Words // Michael Hayward | Photography // Digby Shaw, Matt Wood, Henry Jaine
It was second time lucky for the Aorere Enduro. The EWS Asia Pacific Continental round, held in Nelson, New Zealand, was planned for February but had to be cancelled because of a huge nearby fire that burned through over 2400 hectares of forest and forced 3000 people to evacuate their homes.
Nelson’s expansive trail network has a reputation for long, steep and root-filled technical tracks through spectacular native bush. Known as New Zealand’s sunshine capital, Nelson lived up to its blue sky reputation for the three days, five-stage event. Almost 200 people lined up, with about two-thirds making the trip from out of town. The race is named after the te reo Māori word for the area, meaning fleeting or flying clouds.
The event was hosted by the Nelson Mountain Bike Club, relying on hard working volunteers and loads of support from the bike-mad local community to make it happen. Race director Hamish Berkett said he was gutted the event had to be cancelled in February just a day before it was due to start, but it was great to get such superb conditions the second time around. He said some rain earlier in the week had left the trails running perfectly, showcasing Nelson mountain biking at its best.
After practising four stages on the first day, riders started day two with a pedal up to practice the Aorere trail, a highlight of Nelson’s trail network due to its length and variety. After lunch, they were shuttled back up the hill to repeat it on the clock. The 4 kilometre trail dropped more than 600 vertical metres, with the fastest racer finishing in about 9 minutes 30 seconds.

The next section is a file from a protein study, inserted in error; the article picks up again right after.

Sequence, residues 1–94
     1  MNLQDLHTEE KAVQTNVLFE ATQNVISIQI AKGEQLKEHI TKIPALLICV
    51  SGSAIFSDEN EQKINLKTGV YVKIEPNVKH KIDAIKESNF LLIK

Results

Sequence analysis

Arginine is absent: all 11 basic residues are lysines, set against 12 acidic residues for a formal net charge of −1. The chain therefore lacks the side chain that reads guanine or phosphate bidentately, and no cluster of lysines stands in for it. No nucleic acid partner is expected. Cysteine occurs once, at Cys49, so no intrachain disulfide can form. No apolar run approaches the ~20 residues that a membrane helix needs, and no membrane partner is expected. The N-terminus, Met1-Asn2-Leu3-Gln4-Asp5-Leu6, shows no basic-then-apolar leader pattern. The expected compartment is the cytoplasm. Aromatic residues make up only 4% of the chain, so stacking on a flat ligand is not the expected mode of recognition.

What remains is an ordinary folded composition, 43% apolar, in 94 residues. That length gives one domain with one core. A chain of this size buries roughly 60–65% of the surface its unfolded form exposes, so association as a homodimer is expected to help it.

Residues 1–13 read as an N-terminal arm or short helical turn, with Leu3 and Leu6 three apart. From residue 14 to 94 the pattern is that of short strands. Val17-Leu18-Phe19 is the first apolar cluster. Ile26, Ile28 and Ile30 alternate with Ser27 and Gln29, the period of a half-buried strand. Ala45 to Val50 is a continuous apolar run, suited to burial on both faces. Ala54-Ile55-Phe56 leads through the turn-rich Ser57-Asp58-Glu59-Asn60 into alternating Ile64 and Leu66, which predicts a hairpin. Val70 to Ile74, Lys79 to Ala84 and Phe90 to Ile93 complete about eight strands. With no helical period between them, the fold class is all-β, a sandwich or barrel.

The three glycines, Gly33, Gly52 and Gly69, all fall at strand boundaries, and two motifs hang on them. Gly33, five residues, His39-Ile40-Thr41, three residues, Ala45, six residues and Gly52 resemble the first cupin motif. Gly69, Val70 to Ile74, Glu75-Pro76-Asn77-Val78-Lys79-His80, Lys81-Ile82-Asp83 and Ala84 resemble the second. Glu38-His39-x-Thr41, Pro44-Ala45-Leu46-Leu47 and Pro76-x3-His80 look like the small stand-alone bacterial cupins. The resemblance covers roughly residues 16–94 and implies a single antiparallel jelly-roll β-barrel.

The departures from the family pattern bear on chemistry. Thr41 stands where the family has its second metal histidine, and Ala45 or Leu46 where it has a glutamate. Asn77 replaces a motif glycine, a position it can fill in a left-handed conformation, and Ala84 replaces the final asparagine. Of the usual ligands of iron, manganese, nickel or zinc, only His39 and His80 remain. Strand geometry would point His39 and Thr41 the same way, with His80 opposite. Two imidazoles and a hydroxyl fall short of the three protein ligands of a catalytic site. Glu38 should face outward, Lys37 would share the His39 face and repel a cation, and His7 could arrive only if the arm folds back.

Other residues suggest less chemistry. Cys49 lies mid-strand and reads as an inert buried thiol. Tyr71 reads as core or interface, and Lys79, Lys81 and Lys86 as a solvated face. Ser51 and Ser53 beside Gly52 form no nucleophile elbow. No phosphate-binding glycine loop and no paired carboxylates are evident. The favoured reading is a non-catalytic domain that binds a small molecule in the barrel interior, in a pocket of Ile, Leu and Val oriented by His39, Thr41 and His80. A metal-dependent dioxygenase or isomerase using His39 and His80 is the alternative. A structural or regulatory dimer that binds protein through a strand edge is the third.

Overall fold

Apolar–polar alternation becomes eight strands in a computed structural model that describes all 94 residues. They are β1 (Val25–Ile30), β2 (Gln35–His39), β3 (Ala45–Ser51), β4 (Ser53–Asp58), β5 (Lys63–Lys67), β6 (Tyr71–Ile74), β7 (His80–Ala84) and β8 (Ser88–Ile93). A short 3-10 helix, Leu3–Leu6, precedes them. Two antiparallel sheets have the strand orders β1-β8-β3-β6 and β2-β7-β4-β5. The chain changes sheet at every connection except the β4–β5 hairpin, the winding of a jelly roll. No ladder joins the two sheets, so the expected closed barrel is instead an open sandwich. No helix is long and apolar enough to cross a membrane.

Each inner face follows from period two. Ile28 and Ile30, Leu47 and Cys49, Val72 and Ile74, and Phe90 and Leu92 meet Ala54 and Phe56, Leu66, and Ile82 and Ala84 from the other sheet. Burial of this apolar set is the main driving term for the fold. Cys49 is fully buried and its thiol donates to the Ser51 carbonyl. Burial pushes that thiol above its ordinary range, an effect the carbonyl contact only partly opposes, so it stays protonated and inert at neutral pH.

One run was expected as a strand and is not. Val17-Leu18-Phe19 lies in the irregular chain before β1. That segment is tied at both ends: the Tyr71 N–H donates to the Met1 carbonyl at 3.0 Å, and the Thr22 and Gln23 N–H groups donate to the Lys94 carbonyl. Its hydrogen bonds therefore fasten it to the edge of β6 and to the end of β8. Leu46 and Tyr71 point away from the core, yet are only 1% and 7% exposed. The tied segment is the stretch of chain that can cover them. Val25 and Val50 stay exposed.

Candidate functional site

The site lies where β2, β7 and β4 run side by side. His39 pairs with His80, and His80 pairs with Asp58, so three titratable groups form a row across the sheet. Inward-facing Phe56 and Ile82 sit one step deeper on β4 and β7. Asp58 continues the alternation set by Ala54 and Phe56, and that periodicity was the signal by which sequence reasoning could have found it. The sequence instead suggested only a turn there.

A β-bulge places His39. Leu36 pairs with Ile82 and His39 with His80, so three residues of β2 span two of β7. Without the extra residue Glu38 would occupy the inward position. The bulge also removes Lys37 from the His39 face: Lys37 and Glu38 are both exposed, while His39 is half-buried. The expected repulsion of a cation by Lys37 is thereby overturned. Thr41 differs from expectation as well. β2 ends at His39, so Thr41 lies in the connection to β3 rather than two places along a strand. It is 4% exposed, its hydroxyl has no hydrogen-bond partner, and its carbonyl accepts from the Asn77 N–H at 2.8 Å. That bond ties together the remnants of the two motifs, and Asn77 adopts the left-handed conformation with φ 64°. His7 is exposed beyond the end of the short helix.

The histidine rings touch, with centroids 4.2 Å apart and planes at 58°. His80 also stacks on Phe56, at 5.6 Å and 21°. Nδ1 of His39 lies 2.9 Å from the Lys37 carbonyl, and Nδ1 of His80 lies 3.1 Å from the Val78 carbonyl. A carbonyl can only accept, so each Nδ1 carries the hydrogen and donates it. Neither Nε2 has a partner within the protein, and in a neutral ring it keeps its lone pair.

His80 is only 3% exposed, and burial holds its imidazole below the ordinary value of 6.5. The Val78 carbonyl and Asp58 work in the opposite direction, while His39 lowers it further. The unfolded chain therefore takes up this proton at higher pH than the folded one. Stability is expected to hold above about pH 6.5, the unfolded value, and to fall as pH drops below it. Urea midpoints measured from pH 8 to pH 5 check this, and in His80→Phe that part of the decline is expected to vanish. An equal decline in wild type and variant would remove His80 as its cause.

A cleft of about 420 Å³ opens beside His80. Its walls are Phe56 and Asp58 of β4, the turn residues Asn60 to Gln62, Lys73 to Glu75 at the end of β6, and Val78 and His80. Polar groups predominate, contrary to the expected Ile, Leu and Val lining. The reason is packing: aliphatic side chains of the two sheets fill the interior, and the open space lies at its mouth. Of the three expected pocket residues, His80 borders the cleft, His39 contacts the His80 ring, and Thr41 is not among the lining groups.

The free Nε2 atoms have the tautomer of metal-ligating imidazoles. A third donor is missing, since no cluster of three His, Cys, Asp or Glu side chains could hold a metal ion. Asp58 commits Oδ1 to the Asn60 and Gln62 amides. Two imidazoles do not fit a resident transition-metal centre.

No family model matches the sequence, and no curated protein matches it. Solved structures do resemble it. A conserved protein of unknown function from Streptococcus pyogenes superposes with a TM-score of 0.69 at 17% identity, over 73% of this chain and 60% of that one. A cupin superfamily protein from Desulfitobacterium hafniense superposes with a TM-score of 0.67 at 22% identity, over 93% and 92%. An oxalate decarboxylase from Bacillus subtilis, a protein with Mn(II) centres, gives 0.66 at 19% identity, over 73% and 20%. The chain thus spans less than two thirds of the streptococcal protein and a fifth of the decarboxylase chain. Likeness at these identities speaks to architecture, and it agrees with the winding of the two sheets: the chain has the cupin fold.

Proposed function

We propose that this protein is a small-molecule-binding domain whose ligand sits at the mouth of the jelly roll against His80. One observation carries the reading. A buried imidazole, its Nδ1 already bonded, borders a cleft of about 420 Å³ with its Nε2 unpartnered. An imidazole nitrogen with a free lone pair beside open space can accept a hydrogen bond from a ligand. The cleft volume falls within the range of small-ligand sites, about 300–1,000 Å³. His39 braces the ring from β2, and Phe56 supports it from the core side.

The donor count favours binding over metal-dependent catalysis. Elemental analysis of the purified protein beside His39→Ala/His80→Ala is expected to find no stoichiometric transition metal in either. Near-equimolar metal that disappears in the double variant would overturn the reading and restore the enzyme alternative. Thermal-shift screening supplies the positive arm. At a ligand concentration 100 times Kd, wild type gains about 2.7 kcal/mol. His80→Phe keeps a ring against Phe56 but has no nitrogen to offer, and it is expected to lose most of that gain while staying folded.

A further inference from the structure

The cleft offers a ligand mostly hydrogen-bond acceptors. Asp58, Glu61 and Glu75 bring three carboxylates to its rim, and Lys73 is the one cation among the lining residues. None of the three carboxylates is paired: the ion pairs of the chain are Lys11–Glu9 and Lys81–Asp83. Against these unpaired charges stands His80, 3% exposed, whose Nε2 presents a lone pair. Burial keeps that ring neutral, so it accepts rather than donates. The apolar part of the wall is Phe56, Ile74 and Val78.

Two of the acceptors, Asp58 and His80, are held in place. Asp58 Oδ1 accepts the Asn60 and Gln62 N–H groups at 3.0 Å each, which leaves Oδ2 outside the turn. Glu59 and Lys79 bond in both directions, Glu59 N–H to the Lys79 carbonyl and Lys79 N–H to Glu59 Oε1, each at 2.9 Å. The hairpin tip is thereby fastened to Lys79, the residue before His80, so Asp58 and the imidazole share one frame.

The second day of racing was a mix of long and physical technical trails, including the mammoth 5 kilometre Te Ara Koa trail (which means “pathway to happiness” in Māori) that drops about 750 vertical metres through lush native forest, and the Rimu and Mataī trails, a janky technical run that tested the limits of riders’ bike-handling skills.
The race finished on a high note with Smasher, a steep and fast track that dropped through a pine forest and finished with a dusty chute lined by hundreds of screaming fans.
Though racing was tight, there was a relaxed vibe over the three days, and a real community feel due to hordes of fans, army of volunteers and the staunch support from several local businesses.
Shannon Hewetson was the fastest man, finishing the five stages in 34:12.49, ahead of Todd Ballance (34:37.75) and Levi Healey-Furniss (35:02.06).
Hewetson said he came into his own on the longer stages, which he put down to the eight weeks of “pretty hard” training he put in ahead of the race.
He said there was a good range of trails in the race, including the “curveball” of the Rimu and Mataī, which some locals did not often ride.
EWS regular Raewyn Morrison proved too slick for the women’s field, posting a time of 40:02.82.
Morrison said she hadn’t planned to race and had just had a month off, but got FOMO at the last minute.
She said the event had a relaxed vibe but serious racing.
In second place was 15-year-old Rebecca Hufflett in 41:21.93 with Louise Kelly slotting into third in 42:04.82.
Hufflett was only 10 seconds back on Morrison after 11 minutes of racing down the first stage.
She said it was her first EWS-style race and she wanted to find a solid pace she could maintain and not push too hard. RESULTS
1 - Shannon Hewetson - 34:12.49
2 - Todd Ballance - 34:37.75
3 - Levi Healey-Furniss - 35:02.06
4 - Ben Karalus 35:03.12
5 - Loui Harvey 35:05.58Women
1 - Raewyn Morrison - 40:02.82
2 - Rebecca Hufflett - 41:21.93
3 - Louise Kelly - 42:04.82
4 - Amber Werensteyn - 43:11.75
5 - Anja Mcdonald - 44:12.49
Full results are here